Dictator Fidel Castro's announcement yesterday that he will not accept a new term in office means nothing for the future direction of Cuba, says a U.S. congressman who is the nephew of Mr. Castro's first wife.
Havana-born Rep. Lincoln Diaz-Balart, Florida Republican and nephew of Mirta Diaz-Balart, says it is important to realize Mr. Castro has only relinquished the titles of "president" and "commander in chief."
"In totalitarian Cuba, Fidel Castro's absolute power is not based on titles," he points out. "Let us not get confused with the dictator's titles or lack of them. For now, nothing has changed in totalitarian Cuba."
After 49 years of rule by Fidel Castro, you'd think the United States would have had a plan in place by now, ready for implementation, to wield democratic influence on the Cuban population once the dictator's reign ended.
Not the case, says Dan Restrepo, director of the Americas Project at the Center for American Progress, who agrees that while Cuba will never be the same, "unfortunately neither the United States government nor the successor regime in Cuba appears prepared to deal with what comes next."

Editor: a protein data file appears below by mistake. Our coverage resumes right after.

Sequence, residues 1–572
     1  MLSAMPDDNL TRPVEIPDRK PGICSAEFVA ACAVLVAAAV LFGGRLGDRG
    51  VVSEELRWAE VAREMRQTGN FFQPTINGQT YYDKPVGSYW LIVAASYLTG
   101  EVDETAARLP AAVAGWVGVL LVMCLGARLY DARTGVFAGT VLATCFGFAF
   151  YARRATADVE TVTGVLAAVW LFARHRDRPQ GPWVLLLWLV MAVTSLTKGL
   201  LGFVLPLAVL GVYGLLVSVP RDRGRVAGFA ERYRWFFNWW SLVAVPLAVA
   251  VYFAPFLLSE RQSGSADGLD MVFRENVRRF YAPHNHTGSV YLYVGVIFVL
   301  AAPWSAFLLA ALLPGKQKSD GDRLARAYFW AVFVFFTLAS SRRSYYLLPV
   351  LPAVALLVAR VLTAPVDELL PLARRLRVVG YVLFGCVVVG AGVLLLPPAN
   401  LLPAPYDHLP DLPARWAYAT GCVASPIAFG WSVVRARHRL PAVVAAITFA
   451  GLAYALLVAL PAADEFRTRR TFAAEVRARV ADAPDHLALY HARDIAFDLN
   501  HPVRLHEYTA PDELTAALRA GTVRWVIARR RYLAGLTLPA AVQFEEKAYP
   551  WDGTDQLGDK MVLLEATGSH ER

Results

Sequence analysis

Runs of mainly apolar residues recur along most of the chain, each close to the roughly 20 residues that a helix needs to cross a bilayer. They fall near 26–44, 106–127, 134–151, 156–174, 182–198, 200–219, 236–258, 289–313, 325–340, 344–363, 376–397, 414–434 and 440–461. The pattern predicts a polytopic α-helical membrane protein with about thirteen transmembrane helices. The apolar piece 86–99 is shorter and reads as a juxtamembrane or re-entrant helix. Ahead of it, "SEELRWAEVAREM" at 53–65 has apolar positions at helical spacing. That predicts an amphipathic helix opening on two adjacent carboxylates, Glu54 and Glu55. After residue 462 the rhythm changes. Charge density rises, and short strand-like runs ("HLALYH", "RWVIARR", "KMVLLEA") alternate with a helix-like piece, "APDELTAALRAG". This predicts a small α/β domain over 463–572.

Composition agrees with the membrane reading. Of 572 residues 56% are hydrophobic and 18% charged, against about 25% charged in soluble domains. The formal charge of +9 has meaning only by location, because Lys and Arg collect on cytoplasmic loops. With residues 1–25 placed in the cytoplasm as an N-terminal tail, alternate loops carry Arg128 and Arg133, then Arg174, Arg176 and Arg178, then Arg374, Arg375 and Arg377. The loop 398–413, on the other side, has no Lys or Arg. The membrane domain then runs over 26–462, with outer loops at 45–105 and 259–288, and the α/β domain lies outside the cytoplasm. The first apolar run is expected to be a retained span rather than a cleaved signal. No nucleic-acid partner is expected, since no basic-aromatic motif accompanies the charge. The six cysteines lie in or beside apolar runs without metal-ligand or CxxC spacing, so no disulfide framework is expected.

If only ...
Somebody who was prepared for Fidel Castro's announcement yesterday was Rich Noyes of the Media Research Center, a U.S. media watchdog group based in Washington.
One year ago this month, the MRC research director compiled for such an occasion the "U.S. Media's Decades of Cheering Castro's Communism."
The list of American cheerleaders is far too long to reprint, so we will allow ABC's Barbara Walters to speak for the entire bunch. She traveled to Havana in October 2002 for an exclusive interview with Mr. Castro, during which she opined: "For Castro, freedom starts with education. And if literacy alone were the yardstick, Cuba would rank as one of the freest nations on Earth."
Neither, of course, is the case.
A new survey conducted by Foreign Policy magazine and the Center for a New American Security, one of the most comprehensive conducted of late among the U.S. military community — in this case 3,400 active and retired officers, all of whom hold the rank of major or lieutenant commander and above — finds nearly 90 percent saying the war in Iraq has "stretched the U.S. military dangerously thin."
Worse yet, should the United States have reason to enter a major war at this time, 80 percent of the officers say it could not be successfully waged.
Nick of time
John McCaslin is a contributing columnist on Townhall.com and author of Inside The Beltway: Offbeat Stories, Scoops, and Shenanigans from around the Nation's Capital .
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